New SAP Guidance Recommends Configuration Validation for Security Monitoring

Some of the most critical recommendations issued by SAP in the recently released paper Securing Remote Function Calls include the use of configuration validation in Solution Manager to monitor RFC destination settings. This includes checks for destinations with stored credentials, trusted connections, and authorizations granted to RFC users in target systems. It also includes the review of profile parameters for RFC and secure network communication, as well as access control lists for RFC gateways. The SAP paper lends support for other security functions in Solution Manager such as management dashboards and alerts by pointing out that “an overview of the current security status can be provided in a security dashboard and alerts on noncompliance can be collected in the alert in-box” (p33).

The paper draws together leading practices and SAP recommendations into a single reference document for protecting one of the most vulnerable areas in SAP landscapes that is often targeted by remote attackers. RFC is a proprietary SAP technology that drives cross-system integration. Misconfigurations in RFC destinations and gateways that manage RFC communications can lead to the complete compromise of not just individual SAP systems but entire landscapes. Common mistakes include using destinations with stored logon credentials or trusted connections between systems with differing security classifications, using service or communication user types for RFC destinations rather than system users, granting excessive authorizations to RFC users, failing to limit access to remote-enabled function modules, and non-existent access control lists to control the registration and starting of external RFC servers.

The paper emphasizes the importance of established and well-known counter measures for securing RFCs based on the authorization concept. This includes not granting full access to objects such as R_RFC_ADM, S_RFC_TT, S_ADMI_FCD used to administer RFC destinations and other objects such as S_RFC , S_ICF and S_RFCACL that control access to remote-enabled function modules and logons in trusting systems. The paper also discusses enhancements delivered by SAP in the most recent release of NetWeaver AS ABAP, including unified connectivity (UCON). UCON blocks access to remote-enabled function modules using whitelists configured in so-called communication assemblies. According to SAP, “Typically, less than 5% of all available RFC function modules are used in customer software systems for remote RFC communication” (p14). It also outlines methods for performing short-term and long-term traces to identify authorizations checks performed during the execution of RFC-enabled function modules called remotely. This should be used to reign in access privileges for RFC users. Finally, the paper outlines how to control dangerous RFC callbacks and activate switchable authorization checks that are only enabled in specific RFC scenarios.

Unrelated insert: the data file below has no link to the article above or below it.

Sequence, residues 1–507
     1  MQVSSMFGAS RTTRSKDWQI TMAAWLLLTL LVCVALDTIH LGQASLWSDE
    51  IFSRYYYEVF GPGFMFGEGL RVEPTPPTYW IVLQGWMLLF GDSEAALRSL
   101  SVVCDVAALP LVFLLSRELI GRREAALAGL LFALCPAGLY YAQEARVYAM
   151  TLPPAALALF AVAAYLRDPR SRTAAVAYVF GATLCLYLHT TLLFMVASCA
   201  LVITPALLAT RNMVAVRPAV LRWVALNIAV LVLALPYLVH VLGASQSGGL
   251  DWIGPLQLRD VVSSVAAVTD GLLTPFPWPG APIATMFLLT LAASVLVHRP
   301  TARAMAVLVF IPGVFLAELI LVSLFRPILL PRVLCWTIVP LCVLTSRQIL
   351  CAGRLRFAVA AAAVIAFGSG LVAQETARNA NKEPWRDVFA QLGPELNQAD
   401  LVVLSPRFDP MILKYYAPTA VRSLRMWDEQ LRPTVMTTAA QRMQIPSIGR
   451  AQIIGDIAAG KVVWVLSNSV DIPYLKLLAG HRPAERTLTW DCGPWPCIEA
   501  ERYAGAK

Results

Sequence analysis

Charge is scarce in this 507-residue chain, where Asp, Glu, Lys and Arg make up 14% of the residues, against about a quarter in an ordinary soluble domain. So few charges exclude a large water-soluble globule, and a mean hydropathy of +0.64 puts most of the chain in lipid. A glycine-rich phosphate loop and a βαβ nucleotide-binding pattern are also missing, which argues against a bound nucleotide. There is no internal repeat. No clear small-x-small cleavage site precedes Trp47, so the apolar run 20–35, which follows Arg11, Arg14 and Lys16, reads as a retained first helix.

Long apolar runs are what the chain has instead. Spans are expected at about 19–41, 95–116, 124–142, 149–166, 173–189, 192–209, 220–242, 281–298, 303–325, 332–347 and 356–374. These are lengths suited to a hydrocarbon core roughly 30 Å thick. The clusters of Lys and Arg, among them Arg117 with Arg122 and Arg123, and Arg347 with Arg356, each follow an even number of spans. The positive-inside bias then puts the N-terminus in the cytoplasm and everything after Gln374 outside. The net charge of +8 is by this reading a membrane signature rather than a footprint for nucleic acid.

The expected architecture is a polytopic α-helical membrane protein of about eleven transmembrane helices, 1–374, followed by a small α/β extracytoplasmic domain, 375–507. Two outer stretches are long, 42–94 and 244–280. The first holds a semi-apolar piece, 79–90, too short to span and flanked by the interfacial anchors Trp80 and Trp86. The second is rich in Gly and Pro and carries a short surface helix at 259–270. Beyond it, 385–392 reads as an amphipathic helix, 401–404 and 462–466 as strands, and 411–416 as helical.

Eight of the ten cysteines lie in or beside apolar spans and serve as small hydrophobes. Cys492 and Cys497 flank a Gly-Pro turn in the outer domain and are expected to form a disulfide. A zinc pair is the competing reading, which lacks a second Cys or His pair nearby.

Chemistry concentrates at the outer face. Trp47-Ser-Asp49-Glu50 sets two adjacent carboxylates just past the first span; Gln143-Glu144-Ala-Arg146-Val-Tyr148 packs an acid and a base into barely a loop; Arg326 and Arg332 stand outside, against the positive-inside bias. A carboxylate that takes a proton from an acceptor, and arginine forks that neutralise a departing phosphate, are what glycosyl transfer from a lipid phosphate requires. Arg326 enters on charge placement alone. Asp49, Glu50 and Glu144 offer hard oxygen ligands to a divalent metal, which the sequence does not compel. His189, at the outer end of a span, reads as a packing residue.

Contact an SAP Security Architect at Layer Seven Security for professional services to implement these and related SAP recommendations. Our SAP Cybersecurity Solution includes a gap assessment for all of the recommendations on RFC security issued by SAP in the paper.

To request a copy of the SAP paper Securing Remote Function Calls, email info@layersevensecurity.com.

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